5 May 2011
The decision of Lloyds Banking Group’s new chief executive António Horta-Osório to set aside £3.2bn for compensating customers who were ripped off by HBOS and Lloyds TSB in the longstanding PPI racket has set the cat among the pigeons for other bankers. Here are some excerpts from Pratley’s piece:-
Well done, António Horta-Osório. Payment protection insurance was a disgraceful racket. … [by making this £3.2bn provision] the new boss admitted that his bank was caught fairly and squarely. That’s the right stance. If the rest of the industry can’t see the overwhelming moral case for backdating compensation, then we can dismiss as fluff those boasts about a new era of “trust and values” (copyright Marcus Agius at Barclays).
He has, however, inflicted a minor heart attack on his shareholders – who include taxpayers. Lloyds’ provision for PPI compensation and costs is £3.2bn, about twice the City’s expectation. Lloyds and HBOS were aggressive floggers of these policies, accounting for a 35%-40% share, and may have sustained their antics longer than others. Even so, £3.2bn is hard to square with the Financial Services Authority’s estimate of £4.5bn for the entire industry…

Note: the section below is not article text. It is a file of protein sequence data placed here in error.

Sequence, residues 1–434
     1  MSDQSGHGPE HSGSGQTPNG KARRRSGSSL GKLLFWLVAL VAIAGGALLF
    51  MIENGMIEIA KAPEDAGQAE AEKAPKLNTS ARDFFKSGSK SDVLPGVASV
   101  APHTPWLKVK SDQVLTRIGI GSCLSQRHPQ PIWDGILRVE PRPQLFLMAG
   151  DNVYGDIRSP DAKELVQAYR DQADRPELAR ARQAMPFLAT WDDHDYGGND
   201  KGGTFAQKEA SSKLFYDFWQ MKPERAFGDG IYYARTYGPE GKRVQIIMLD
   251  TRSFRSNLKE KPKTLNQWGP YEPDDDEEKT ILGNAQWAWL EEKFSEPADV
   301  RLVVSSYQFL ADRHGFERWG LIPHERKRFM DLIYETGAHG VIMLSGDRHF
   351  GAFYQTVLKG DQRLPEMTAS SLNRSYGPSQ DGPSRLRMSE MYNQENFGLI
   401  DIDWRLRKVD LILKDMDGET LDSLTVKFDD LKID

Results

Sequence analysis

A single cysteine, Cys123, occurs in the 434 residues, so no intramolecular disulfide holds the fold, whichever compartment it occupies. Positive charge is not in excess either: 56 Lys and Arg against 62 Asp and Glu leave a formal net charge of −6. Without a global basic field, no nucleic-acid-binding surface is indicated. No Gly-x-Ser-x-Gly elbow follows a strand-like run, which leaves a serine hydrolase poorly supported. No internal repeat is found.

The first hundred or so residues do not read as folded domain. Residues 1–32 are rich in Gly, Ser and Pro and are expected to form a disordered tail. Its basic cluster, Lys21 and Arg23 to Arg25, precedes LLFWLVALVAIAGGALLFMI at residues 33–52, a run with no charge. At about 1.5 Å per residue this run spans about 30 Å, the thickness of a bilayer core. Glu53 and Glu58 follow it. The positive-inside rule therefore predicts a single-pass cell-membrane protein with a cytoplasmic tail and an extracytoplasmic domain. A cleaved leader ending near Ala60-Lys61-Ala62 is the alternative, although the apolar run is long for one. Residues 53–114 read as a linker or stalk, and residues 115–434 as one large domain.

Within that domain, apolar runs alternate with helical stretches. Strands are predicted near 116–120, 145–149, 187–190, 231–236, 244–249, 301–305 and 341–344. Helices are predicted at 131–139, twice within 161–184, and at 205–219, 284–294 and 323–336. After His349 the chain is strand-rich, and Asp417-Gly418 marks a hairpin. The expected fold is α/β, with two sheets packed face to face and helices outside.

No firm conclusions can be drawn until the other banks cough up their own provisions. But the natural reading is that PPI at Lloyds (and maybe the others) was even smellier than previously thought. If so, the £1.45m bonus for outgoing chief executive Eric Daniels also stinks.
It remains to be seen whether Horta-Osório, a smooth former Goldman Sachs and Santander executive, who took over from the disastrous Daniels as Lloyds CEO on March 1 2011, will also see the light and “bow to the law” elsewhere in the Lloyds Banking Group empire. For example will the Portuguese-born banker have the decency to admit wrongdoing and to compensate the victims in the alleged £1bn Bank of Scotland Reading fraud and the alleged HBOS/Vavasseur fraud?